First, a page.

In early April it appeared the Canadian government might be able to pull off a dual Middle East strategy, combining co-operation with the conservative Gulf Arab states on security matters and sweeping support for current Israeli policies. John Baird, the foreign minister, had reason to be confident during the initial segments of his Middle East trek that month. There is no reason to doubt his assertion that Israeli policy was never raised with him in the Arab countries he visited, such is the Gulf leaders' overwhelming preoccupation with their own security. Nor would it have had a major role in discussions in Jordan, given King Abdullah's preoccupation with the challenge posed by the Muslim Brotherhood, the burden of Syrian refugees and the Kingdom's economic situation.
As Mr. Baird entered Israel, the score seemed 10 for the government, nil for the skeptics. To maintain that score, the minister would have been best to limit himself to established rhetoric and practice. The Arabs might have swallowed hard but they had seemingly learned to live with such policies. Had Mr. Baird chosen to go even further with a phrase or two cautioning Prime Minister Benjamin Netanyahu with respect to settlements in the West Bank, as did President Barack Obama during his May visit to Israel, he could have emerged from the region well satisfied.
At some point, however, the minister decided to strike out beyond the anticipated. He met the Israeli cabinet minister Tzipi Livni in Arab East Jerusalem, which is in Palestinian eyes the capital of their future state. Such a simple meeting may on the surface have appeared innocent, although there seem to have been outside players who tried to warn the minister off. But such an encounter crossed a critical red line in the competing narratives of Arabs and Israelis.
While Qatar and others were prepared to overlook their concerns about Canada more generally, Mr. Baird's Jerusalem gesture went too far. It challenged a well-established status quo, whereby foreign dignitaries do not visit the Arab part of the city to conduct business with Israelis.
As the location of the third holiest site in Islam, under Muslim rule for longer than Anglo-Saxons have been in Britain and the place from which Mohammed by tradition ascended into heaven, East Jerusalem goes to the core of the Arab cultural and religious narrative regardless of sect. There is a widespread fear that symbolic moves, seemingly innocent in themselves, will gradually facilitate Israel's absorption of this sacred space, divesting Arab Muslims of respect and dignity. They see such seemingly innocuous steps as part and parcel of a broader policy involving discriminatory zoning and planning, demolitions, evictions and archeological excavations.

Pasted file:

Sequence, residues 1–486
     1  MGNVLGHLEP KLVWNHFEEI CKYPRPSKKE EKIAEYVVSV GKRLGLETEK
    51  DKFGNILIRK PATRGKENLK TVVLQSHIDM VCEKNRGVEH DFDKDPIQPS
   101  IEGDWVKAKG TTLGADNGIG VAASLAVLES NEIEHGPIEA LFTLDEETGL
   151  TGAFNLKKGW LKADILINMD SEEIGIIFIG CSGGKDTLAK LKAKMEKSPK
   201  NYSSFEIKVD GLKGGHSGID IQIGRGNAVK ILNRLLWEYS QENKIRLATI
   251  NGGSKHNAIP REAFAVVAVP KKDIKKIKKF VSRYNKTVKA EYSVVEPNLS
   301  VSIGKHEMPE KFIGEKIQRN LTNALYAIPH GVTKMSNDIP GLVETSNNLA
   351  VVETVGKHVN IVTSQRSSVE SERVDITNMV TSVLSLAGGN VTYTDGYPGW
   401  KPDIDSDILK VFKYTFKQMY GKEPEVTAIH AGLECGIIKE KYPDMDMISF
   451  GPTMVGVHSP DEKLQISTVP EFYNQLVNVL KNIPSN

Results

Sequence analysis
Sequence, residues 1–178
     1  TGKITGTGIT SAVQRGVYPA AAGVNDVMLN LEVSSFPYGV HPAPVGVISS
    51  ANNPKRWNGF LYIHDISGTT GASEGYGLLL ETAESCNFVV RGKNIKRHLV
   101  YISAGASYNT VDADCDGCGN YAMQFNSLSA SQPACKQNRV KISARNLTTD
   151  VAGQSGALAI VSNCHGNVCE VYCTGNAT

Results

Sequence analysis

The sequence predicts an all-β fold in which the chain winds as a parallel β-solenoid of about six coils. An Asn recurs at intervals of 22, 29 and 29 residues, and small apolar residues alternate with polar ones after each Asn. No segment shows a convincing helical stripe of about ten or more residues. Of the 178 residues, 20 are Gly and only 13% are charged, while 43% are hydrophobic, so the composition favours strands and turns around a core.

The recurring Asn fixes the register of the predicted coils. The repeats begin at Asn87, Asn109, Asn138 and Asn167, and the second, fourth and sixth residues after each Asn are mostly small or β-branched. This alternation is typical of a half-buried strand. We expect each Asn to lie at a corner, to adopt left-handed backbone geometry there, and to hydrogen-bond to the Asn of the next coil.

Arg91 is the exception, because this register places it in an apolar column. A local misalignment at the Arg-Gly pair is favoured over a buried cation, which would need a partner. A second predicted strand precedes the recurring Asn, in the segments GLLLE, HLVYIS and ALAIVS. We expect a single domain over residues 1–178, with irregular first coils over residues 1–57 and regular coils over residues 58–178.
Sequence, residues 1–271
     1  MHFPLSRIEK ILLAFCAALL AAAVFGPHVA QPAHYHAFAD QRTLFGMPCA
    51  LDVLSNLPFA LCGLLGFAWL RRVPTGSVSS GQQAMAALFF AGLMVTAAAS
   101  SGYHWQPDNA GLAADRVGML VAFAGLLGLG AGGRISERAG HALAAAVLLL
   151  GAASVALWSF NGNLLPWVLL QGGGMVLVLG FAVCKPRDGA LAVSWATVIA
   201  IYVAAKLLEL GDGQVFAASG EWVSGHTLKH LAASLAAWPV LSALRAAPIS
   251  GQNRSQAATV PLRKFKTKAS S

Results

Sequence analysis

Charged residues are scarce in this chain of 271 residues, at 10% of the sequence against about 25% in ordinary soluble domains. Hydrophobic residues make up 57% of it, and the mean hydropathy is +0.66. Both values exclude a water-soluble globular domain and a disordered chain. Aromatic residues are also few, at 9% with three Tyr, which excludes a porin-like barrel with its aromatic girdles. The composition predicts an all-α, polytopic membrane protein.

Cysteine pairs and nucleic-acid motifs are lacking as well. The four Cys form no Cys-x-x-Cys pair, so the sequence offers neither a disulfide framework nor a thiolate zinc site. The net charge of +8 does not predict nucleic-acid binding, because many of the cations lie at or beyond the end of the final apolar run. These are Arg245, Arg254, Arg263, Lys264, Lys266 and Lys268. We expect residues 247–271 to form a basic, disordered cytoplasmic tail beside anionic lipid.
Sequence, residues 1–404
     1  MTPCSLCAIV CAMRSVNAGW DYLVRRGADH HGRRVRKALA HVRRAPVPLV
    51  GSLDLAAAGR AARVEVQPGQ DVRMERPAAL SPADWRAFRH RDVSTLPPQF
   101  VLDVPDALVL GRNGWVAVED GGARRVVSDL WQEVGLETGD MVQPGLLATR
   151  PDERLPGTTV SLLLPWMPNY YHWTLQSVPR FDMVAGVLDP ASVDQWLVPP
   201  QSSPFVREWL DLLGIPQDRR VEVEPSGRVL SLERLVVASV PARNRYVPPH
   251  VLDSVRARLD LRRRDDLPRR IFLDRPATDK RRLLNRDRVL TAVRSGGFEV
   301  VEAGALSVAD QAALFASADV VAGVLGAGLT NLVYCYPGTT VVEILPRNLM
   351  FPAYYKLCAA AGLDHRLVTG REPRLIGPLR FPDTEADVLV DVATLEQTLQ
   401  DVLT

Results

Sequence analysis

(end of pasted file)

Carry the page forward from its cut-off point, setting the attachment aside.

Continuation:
Such accusations may or may not unfairly pillory Israelis, but what matters here is that they reflect deeply held beliefs. That is why Canadian governments have traditionally taken what has been called a "fair-minded" approach to such matters: concern, a willingness to use our good offices and sensitivity to the claims and needs of both sides. Historically when we have departed from such a path, there have been repercussions: in 1979 when Joe Clark, as leader of the opposition and then as Prime Minister, promised to move the Canadian Embassy in Israel from Tel Aviv to (albeit Jewish West) Jerusalem, Arab reaction was swift and negative. In their minds the move was aimed at legitimizing Israel's claim to the city in its entirety. Mr. Clark appointed his much-respected predecessor as leader of the Conservative party, Robert Stanfield, to rethink the matter. Former prime minister Brian Mulroney, an admiring friend of Israel, watched language and gestures carefully, with Mr. Clark's miscalculation much in mind.
The current government has proven itself to be a much more assertive advocate of Israeli policies and practices. The Arabs have disliked Canada for it. They had generally held their fire, the not unimportant exception being their part in derailing our bid for a seat on the United Nations Security Council. That done, and in the process of establishing new Arab relationships, Canada, intentionally or not, has set off the tripwire once again, undervaluing narrative and emotion and the inferred insult such a step suggests when Arab honour is at stake.
The Qataris, after consultations with and the concurrence of other Arab governments, decided to undercut us again through their bid to see the International Civil Aviation Organization moved from Montreal to Doha. That the Qatari decision seemed sudden should not delude us that it is not serious. There will now be a struggle for votes with money on their side and organizational and operational logic on ours.
Reasoned judgment respecting the operation and integrity of UN-based institutions will probably prevail, but in this world of power and politics nothing is certain.
Michael Bell is a former Ambassador of Canada to Israel, Egypt, Jordan and the Palestinian territories. He was executive assistant to Robert Stanfield during the Jerusalem Embassy affair of 1979-80.